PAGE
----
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Conflict Armament Research (CAR)

Location: London, UK


Type: An NGO monitoring the movement of weapons and ammunition globally

Conflict Armament Research (CAR) was established in 2011 in response to “growing worldwide demand for weapon-specific technical expertise to support research, analysis and policy making.” The organisation, which is funded by the EU and the Swiss Federal Department of Foreign Affairs, maintains a database which provides a global reporting mechanism on the illegal trade of arms, including light weapons and conventional weapons. Their aim it to reduce the risk of such arms being traded and used illicitly.

Much of the research carried out by CAR is investigations on the ground in active armed conflicts. The group “documents weapons at the point of use and track their sources back through the chains of supply.” Data on thousands of individual weapon transfers is aggregated, providing the evidence base for the development of effective arms controls and counter-proliferation strategies. CAR works in some of the countries most affected by conflict globally, including Iraq and Syria.

While most of the research carried out by CAR does not directly involve IEDs, they track weapons which could be adapted and made into improvised explosives. CAR findings have been used to demonstrate, for example, that ammunition of US and Chinese manufacture has been used by ISIS.

In 2016, however, they produced a compelling piece of research into the IED component parts being used by ISIS. It revelead that ISIS is manufacturing ever more sophisticated and devastating suicide bombs and improvised explosives using civilian components from countries around the world. The report showed that most of the equipment, including chemicals, fertilisers, wire and electronics, is being funnelled through Turkey to the group’s territories. The EU-funded group had analysed improvised explosive devices (IED) collected over 20 months on Iraqi and Syrian frontlines to reveal how the so-called Islamic State has been able to amass its arsenal at an unprecedented speed.

CAR uses iTrace to provide policy makers with “precise, verified information on transfers of diverted conventional weapons and ammunition.” iTrace, which is funded by the EU, maps weapons data collected by CAR investigators geospatially. A number of investigation techniques are used by CAR investigators in the field, including interviews with weapons users, analysis of documentation like packing lists and bills of lading, talking to weapons manufacturers, and liaising with national defence, security, and intelligence agencies. The aim with each weapon is to identify the chain of supply from manufacture to illicit possession. Once such information is verified, it is released via the iTrace system, and can be accessed by the public.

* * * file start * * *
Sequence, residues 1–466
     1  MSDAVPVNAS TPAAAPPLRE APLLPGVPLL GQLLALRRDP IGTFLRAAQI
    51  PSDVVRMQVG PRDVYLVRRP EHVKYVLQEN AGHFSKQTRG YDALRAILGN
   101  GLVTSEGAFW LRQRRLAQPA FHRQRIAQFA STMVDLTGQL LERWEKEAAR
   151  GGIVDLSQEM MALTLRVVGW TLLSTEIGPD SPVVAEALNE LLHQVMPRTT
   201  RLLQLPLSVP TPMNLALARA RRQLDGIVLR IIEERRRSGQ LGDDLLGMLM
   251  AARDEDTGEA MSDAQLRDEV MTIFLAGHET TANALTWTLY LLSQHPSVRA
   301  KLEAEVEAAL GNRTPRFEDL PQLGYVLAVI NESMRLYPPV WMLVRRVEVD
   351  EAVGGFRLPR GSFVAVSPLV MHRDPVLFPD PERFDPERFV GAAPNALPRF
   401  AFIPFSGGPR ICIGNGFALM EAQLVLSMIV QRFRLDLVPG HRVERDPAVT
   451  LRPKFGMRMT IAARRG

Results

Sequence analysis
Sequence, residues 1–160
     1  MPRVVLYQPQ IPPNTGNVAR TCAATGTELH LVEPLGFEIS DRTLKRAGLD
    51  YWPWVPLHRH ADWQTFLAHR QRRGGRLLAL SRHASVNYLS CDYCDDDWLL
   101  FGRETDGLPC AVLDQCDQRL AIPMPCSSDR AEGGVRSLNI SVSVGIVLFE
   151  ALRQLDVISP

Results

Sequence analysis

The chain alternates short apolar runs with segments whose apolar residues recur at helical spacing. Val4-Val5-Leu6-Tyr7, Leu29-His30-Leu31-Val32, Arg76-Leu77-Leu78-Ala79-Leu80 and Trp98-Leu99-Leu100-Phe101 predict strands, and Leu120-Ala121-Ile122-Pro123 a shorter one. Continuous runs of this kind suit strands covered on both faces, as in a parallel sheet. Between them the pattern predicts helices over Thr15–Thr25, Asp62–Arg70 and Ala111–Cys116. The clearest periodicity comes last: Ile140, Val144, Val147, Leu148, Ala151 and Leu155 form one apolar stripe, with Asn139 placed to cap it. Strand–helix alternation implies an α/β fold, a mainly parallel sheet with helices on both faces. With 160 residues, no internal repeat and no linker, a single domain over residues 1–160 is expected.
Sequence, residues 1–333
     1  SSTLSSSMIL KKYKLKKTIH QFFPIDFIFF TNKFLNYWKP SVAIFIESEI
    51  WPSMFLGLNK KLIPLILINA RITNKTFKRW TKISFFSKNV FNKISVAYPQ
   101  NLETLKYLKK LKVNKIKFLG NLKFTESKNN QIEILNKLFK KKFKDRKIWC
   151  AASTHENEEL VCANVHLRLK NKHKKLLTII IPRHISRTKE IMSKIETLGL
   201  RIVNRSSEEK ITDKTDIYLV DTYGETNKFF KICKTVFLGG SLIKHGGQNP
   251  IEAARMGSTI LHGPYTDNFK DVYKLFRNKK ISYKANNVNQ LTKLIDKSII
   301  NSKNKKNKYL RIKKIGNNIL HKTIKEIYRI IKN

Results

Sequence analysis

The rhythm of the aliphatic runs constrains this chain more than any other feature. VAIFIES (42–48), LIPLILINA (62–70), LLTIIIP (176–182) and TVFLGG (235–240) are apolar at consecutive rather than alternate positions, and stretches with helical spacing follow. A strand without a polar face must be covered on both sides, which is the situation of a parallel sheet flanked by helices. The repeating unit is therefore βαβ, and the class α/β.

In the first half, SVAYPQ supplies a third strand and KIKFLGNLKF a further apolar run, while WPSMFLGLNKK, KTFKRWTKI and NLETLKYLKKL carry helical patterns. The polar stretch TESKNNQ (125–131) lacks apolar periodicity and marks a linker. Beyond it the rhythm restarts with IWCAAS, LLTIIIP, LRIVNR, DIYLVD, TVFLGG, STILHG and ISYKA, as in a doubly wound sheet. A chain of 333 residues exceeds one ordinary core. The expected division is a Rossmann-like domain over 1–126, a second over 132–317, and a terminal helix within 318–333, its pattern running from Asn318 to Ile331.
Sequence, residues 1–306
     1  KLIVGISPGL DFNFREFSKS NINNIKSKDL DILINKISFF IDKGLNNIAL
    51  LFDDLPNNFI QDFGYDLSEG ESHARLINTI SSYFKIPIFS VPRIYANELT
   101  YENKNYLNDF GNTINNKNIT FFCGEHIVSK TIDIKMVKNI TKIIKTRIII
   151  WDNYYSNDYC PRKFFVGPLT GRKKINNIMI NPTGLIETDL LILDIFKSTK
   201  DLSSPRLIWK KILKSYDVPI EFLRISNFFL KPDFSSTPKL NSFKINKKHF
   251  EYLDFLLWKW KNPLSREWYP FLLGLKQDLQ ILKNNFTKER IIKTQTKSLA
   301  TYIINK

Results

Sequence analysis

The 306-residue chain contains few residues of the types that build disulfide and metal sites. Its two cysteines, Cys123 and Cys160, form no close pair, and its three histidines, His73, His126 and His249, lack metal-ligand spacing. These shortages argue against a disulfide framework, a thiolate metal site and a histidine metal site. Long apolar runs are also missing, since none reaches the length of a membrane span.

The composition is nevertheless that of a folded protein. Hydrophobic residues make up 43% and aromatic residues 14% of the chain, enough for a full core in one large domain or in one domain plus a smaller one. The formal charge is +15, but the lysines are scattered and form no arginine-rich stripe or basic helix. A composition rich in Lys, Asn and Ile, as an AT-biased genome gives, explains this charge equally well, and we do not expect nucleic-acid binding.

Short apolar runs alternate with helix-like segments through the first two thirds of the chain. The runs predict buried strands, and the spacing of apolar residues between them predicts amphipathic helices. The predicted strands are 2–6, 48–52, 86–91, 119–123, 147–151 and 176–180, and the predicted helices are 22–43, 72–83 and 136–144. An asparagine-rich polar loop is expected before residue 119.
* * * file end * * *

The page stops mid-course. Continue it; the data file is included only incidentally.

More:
In addition to collecting and analysing information on the illicit movement of weapons, CAR provides services to NGOs, governments and research institutes. Such services include supporting arms control policy, providing training on arms management and weapon marking programmes, and technical and investigative support to groups including NGOs and human rights monitors.

This profile is part of AOAV’s investigation into counter-IED (C-IED) actors around the globe. To see the list of all C-IED actors recorded by AOAV, see here. To see those engaged in the Middle East, the Sahel, North Africa or other highly impacted countries please see here, here, here, and here respectively. This research was made possible by funding from the NATO Counter Improvised Explosive Devices Centre of Excellence (C-IED COE). To read the full report, ‘Addressing the threat posed by IEDs: National, Regional and Global Initiatives’, see here.